Charles M. Stein

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For other people named Charles Stein, see Charles Stein (disambiguation).
Charles M. Stein
Born (1920-03-22) March 22, 1920 (age 96)
Brooklyn, New York
Nationality American
Fields Statistics
Institutions Stanford University
Alma mater Columbia University
University of Chicago
Doctoral advisor Abraham Wald
Doctoral students Stephen Portnoy
James Zidek

Charles M. Stein (born March 22, 1920), an American mathematical statistician, is emeritus professor of statistics at Stanford University. He received his Ph.D in 1947 at Columbia University with advisor Abraham Wald. He is known for Stein's paradox in decision theory, which shows that ordinary least squares estimates can be uniformly improved when many parameters are estimated; for Stein's lemma, giving a formula for the covariance of one random variable with the value of a function of another when the two random variables are jointly normally distributed; and for Stein's method, a way of proving theorems such as the Central Limit Theorem. He is a member of the National Academy of Sciences.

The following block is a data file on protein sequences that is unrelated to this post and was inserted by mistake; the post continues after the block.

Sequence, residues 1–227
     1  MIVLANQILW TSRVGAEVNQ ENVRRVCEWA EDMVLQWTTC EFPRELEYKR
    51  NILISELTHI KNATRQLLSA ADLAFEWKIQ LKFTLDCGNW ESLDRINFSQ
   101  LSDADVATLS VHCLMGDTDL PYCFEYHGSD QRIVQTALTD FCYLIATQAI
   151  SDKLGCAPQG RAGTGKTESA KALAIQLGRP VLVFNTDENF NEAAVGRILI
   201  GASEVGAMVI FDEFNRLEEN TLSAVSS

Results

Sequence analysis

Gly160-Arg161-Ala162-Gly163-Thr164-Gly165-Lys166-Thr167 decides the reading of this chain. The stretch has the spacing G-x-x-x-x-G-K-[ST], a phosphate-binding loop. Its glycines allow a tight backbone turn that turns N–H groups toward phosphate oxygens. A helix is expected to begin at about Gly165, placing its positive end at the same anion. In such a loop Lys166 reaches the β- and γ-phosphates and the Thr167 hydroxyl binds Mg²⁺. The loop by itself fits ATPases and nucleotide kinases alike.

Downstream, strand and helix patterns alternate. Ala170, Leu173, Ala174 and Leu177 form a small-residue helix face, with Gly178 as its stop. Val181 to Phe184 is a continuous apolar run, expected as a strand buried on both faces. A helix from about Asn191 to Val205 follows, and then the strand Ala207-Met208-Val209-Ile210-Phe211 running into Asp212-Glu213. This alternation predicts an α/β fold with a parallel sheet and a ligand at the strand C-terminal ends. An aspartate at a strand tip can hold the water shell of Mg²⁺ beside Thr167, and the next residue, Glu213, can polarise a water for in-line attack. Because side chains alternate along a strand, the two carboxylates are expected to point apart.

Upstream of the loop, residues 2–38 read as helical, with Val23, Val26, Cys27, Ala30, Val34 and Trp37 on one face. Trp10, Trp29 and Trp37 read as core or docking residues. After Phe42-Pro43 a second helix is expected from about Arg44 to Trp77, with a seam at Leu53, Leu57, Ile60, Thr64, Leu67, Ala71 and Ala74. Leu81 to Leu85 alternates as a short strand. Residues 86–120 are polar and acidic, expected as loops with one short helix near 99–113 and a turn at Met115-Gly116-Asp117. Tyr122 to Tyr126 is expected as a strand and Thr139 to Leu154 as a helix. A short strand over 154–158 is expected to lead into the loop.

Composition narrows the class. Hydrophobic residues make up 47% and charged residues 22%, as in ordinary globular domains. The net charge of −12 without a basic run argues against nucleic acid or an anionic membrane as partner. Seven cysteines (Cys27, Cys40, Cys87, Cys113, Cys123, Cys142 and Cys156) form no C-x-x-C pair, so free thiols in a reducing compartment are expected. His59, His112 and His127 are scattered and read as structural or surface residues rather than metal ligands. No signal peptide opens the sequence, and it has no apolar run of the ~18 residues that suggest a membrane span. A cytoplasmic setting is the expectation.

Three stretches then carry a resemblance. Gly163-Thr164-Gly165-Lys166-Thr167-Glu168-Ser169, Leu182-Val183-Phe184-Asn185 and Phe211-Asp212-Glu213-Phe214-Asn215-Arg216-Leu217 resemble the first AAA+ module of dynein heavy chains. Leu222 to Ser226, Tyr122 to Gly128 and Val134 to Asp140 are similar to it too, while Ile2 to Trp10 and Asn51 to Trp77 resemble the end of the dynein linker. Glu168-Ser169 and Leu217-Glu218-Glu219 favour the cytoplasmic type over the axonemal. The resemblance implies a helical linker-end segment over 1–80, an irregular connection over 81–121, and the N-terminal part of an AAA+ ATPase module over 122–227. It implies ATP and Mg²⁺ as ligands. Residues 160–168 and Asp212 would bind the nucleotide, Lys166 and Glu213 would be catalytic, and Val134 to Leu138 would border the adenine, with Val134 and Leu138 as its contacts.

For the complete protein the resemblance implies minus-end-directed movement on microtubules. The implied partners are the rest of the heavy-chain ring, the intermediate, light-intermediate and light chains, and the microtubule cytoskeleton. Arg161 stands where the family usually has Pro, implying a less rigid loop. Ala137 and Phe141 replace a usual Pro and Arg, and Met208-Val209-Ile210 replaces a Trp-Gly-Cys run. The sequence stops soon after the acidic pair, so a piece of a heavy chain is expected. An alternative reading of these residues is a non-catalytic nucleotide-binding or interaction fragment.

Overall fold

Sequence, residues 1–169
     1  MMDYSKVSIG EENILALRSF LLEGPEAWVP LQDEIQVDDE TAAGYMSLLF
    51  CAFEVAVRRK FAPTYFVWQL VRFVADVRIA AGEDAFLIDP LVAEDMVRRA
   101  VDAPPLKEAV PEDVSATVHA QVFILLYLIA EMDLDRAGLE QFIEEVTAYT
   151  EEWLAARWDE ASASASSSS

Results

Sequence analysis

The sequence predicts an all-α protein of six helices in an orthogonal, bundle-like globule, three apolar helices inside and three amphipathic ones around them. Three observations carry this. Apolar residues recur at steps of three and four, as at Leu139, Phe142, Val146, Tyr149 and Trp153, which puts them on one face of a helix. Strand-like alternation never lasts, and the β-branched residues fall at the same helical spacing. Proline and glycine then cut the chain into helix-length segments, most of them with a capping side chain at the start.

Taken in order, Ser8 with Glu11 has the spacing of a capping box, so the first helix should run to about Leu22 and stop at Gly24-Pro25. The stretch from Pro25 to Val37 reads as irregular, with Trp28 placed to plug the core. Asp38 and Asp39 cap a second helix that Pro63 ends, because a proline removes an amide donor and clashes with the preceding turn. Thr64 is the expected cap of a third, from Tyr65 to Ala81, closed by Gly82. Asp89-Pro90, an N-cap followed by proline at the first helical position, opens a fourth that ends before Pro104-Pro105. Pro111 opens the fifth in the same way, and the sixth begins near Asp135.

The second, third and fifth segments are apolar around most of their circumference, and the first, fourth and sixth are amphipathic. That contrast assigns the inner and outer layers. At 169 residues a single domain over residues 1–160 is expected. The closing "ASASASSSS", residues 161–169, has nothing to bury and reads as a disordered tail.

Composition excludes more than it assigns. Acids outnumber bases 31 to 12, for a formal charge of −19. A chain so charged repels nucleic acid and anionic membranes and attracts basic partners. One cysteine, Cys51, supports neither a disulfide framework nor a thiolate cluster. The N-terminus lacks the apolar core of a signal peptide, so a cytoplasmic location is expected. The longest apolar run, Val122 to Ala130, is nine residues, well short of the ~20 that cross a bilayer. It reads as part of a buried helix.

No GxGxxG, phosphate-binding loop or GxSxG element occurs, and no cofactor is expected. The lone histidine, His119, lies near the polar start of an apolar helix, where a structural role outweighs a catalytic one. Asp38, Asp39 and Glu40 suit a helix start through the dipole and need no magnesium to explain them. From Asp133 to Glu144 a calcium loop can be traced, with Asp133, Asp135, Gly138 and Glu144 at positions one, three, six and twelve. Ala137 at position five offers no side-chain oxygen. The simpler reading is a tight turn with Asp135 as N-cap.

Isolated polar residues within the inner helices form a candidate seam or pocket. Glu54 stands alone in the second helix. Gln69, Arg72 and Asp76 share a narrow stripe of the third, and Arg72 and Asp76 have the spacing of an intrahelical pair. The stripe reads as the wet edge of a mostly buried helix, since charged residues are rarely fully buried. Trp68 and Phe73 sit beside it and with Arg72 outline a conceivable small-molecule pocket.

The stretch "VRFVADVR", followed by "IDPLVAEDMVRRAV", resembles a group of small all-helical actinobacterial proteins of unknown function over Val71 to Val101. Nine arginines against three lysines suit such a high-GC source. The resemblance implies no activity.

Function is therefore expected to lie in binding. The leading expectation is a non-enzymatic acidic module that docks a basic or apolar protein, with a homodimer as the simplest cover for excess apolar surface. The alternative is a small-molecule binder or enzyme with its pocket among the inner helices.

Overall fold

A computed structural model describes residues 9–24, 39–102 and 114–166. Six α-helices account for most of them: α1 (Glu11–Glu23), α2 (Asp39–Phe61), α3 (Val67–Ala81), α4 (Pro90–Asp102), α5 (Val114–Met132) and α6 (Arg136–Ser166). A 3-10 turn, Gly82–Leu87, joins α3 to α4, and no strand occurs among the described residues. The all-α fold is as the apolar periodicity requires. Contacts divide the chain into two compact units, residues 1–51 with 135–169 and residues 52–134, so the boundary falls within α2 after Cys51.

• Approximate Computation of Expectations, Institute of Mathematical Statistics, Hayward, CA, 1986.


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